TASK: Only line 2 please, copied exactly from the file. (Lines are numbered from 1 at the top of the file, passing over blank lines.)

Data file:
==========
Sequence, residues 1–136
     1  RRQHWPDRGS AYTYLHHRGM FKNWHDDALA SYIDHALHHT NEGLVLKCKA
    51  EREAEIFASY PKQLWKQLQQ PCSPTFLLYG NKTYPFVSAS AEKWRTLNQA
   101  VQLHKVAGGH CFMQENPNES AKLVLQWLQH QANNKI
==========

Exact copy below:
     1  RRQHWPDRGS AYTYLHHRGM FKNWHDDALA SYIDHALHHT NEGLVLKCKA